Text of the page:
Romeo And Juliet Personal Choice: Deciding Fate or Chance

“God gave us free will, and we may choose to exercise it in ways that end up hurting other people”- Francis Collins.

Romeo and Juliet is a tragic play written by Shakespeare, that follows the lives of two star-crossed lovers. Throughout the play, Romeo and Juliet make several personal choices that reflect their strong desire to be together, regardless of the consequences. Despite the longstanding feud between their families, they choose to pursue their love, leading to secret meetings and ultimately their secret marriage. However, their choices also bring about a series of unfortunate events, including the deaths of Tybalt and Mercutio, which further complicate the situation. Despite the immense pressure from their families and society, Romeo and Juliet continue to make choices that prioritize their love for each other over all else. To analyze Romeo And Juliet in terms of personal choice, this essay will explore how the young lovers' unwavering commitment to their personal choices ultimately led to their tragic end.

Along with this, Romeo kills a Capulet and is banished for life, causing Juliet to pursue a dangerous plan to be with Romeo. However, miscommunication causes both, Romeo and Juliet to take their own lives. It is not fate, but rather the imprudent and fraught actions that bring about the demise of Romeo and Juliet. In the play, Juliet suffers through many tragic and unfortunate events, and they are caused by her own choices. Juliet wakes from the potion induced sleep and sees Romeo dead next to her. Not wanting to live without him, Juliet says, “Yea, noise? Then I’ll be brief. O happy dagger! [Snatches Romeo’s dagger.]This is thy sheath; their rust, and let me die. [She stabs herself and falls.]”(5.3.169-170).

This, however, could have been prevented, for it was Juliet’s choice to end her life. Fate is something that happens beyond one’s control, by a supernatural power. Juliet’s death is caused by her own free will, not by a supernatural cause. Furthermore, Romeo’s choices too, initiate the tragic events in the play. For example, Romeo is in the city of Mantua, when Balthasar brings the news of Juliet’s death. Romeo, who is devastated, goes to Juliet’s tomb and says, “Here’s to my love! [drinks the poison] o true apothecary, Thy drugs are quick. Thus with a kiss, I die”(5.3.119-120). Thinking Juliet is dead, Romeo drinks the poison. It was Romeo’s own choice to drink the poison to be with Juliet in the afterlife. Nobody told Romeo to take his own life. He made the decision to end his life.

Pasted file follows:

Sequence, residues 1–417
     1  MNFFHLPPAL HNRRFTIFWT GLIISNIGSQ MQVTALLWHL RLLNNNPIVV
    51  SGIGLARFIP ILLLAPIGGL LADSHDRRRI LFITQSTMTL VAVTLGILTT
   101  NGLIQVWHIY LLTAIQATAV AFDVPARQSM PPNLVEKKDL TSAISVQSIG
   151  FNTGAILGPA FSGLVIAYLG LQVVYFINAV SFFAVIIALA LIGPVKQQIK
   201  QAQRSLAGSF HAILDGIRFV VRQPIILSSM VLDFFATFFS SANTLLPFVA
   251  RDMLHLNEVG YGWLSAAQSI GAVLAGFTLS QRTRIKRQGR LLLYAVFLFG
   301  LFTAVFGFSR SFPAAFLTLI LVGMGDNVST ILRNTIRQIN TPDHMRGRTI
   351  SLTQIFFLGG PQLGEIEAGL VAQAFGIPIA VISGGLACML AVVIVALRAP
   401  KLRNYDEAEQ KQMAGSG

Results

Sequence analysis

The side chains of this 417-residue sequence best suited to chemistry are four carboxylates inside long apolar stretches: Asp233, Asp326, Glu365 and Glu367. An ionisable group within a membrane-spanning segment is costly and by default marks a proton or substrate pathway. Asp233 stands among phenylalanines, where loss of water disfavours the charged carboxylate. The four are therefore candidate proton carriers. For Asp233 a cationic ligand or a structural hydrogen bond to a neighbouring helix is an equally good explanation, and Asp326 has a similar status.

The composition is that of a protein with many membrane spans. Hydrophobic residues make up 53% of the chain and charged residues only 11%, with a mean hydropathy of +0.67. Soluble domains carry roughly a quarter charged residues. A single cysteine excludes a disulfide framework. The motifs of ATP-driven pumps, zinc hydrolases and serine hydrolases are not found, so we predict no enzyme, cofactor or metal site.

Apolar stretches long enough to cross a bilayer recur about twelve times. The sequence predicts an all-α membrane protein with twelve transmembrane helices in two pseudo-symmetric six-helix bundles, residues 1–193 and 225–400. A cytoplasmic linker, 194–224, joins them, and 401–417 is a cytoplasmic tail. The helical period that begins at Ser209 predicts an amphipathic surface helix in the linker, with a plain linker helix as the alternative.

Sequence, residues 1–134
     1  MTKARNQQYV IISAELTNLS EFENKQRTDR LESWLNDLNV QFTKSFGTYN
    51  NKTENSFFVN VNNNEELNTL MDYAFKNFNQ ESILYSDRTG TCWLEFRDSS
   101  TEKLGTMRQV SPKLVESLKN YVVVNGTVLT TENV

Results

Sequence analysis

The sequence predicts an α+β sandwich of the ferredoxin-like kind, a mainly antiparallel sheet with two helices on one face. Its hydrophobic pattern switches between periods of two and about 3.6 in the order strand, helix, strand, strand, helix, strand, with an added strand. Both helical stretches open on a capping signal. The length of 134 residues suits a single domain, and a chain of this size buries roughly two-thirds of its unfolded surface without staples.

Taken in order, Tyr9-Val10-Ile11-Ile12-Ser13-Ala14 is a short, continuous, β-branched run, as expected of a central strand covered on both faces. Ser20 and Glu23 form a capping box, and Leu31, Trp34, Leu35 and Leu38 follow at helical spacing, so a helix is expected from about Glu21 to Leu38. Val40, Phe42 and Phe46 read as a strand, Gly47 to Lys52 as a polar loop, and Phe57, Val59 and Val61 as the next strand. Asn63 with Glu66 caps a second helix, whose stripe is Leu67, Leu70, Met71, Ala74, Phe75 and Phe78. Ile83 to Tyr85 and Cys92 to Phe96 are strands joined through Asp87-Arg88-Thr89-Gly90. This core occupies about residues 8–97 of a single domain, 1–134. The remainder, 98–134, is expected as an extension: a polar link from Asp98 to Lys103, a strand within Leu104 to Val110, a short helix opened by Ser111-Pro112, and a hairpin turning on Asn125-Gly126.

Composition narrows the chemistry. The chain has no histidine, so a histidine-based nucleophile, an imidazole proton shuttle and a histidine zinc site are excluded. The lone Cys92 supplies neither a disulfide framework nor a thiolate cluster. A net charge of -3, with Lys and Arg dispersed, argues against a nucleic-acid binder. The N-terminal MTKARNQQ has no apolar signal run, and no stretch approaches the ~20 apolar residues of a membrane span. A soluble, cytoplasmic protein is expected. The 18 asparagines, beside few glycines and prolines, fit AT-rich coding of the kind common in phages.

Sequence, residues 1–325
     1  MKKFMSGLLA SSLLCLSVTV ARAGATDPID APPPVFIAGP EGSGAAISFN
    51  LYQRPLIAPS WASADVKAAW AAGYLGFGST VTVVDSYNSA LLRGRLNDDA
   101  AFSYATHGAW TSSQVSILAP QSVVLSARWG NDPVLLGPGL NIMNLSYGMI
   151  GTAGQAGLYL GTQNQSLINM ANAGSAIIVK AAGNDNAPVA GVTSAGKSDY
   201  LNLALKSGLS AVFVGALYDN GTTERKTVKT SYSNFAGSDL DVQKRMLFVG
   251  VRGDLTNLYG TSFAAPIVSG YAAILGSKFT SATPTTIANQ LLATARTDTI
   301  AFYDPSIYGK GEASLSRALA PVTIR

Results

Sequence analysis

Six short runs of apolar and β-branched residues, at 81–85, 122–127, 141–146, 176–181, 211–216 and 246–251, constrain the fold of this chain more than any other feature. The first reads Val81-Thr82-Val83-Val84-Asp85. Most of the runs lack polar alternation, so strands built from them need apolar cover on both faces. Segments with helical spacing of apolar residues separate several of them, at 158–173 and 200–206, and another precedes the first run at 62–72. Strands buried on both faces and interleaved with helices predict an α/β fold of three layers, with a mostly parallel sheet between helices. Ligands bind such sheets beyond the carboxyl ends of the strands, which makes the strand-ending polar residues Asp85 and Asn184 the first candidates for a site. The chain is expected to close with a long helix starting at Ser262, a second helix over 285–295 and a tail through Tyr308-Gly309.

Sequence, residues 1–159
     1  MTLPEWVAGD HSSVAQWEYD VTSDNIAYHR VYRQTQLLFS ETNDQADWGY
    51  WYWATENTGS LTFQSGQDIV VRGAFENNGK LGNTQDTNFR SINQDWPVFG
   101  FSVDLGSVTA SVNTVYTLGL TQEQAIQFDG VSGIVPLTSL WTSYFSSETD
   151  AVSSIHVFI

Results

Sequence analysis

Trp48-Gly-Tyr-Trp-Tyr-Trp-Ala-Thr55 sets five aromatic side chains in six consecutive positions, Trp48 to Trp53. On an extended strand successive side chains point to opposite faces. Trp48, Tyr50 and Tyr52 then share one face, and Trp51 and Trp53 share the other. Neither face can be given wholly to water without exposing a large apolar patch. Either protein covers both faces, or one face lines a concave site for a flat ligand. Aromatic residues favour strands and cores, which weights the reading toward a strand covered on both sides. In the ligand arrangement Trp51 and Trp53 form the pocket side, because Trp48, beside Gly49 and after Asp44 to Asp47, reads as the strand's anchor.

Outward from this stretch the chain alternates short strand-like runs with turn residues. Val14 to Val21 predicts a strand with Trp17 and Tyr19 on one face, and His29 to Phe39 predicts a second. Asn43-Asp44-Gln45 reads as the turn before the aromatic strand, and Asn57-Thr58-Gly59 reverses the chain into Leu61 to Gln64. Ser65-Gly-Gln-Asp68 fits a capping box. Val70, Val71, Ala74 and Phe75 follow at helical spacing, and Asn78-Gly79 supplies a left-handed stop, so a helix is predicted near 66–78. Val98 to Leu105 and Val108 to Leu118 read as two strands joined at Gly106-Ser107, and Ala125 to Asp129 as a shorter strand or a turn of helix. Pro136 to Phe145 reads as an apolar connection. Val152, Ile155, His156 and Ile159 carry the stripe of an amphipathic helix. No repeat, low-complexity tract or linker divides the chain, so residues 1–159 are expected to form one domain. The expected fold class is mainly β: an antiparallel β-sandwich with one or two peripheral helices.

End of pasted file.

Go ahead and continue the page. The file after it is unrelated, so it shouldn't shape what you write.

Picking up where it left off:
This proves that the events of Shakespeare's play are based upon free will because both Romeo and Juliet allowed themselves to take drastic measures to be with each other. Moreover, Juliet acts according to her own mind, despite her belief in fate. Juliet knows that a relationship with Romeo is not the wisest choice even though she loves him.

Once Romeo possesses his love for Juliet, she replies “Although I joy in thee, I have no joy of this contract tonight. It is too rash, too unadvised, too sudden. Too like the lightning, which doth cease to be Ere can say “it Lightens”(2.2.116-120). Juliet realizes that she is rushing into the relationship. Not only is the relationship with Romeo a bad choice because they have just met, but it is complicated more by the family feud. Knowing this, Juliet continues to see Romeo and ends up marrying him, willingly. A further example of personal choice would be when Romeo kills Tybalt for revenge. “Now, Tybalt, take the “villain” back again. That late thou gavest me, for Mercutio’s soul. Is but a little way above our heads, Staying for thine to keep him company”(3.1.121-124).

Romeo makes the impulsive decision to stab and kill Tybalt. Not once thinking about how this might affect him, his family, or even Juliet. Ultimately this results in Romeo getting banished from Verona. Due to this, Juliet follows a plan that eventually causes both of their deaths. This supports the claim that no greater force, such as fate, caused the tragedy of Romeo and Juliet, but rather the rash decisions made by the characters. Another possible interpretation of the events is fate. For instance, when Juliet awakens from the tomb, Friar Lawrence says, “ Lady, come from that nest of death, contagion, and unnatural sleep. A greater power than we can contradict Hath thwarted our intents” (5.3.151-154). Here Friar tells Juliet that a “greater power” or fate has ruined the course of their plan because Romeo’s death was already destined. However, the majority of the textual evidence points to the personal choices of characters.

When Friar Lawrence walks in to see both Paris and Romeo lying soullessly on the ground, he says it is “Lamentable Chance' (5.3.151). He is stating that it was out of his control that the couple had passed away, yet Friar Lawrence was the one that caused this miscommunication, which leads to their deaths. He says that fate ruined their plan. When a matter of fact, Friar was the one that didn't try harder to get the message to Romeo. Friar simply doesn't take any liability whatsoever for his actions and rather chooses to blame fate. In conclusion, the character’s unwise and tense actions cause the downfall of Romeo and Juliet, making it a tragedy. Juliet chooses to continue a relationship with Romeo, Romeo kills Tybalt in revenge, and both lovers commit suicide. Some of the outcomes seem to be caused by fate, however ultimately someone's decision lead to that outcome. Through Romeo and Juliet, Shakespeare is trying to convey that people should not blame fate for the actions they take and one should endure the consequences of their actions.

07 September 2020
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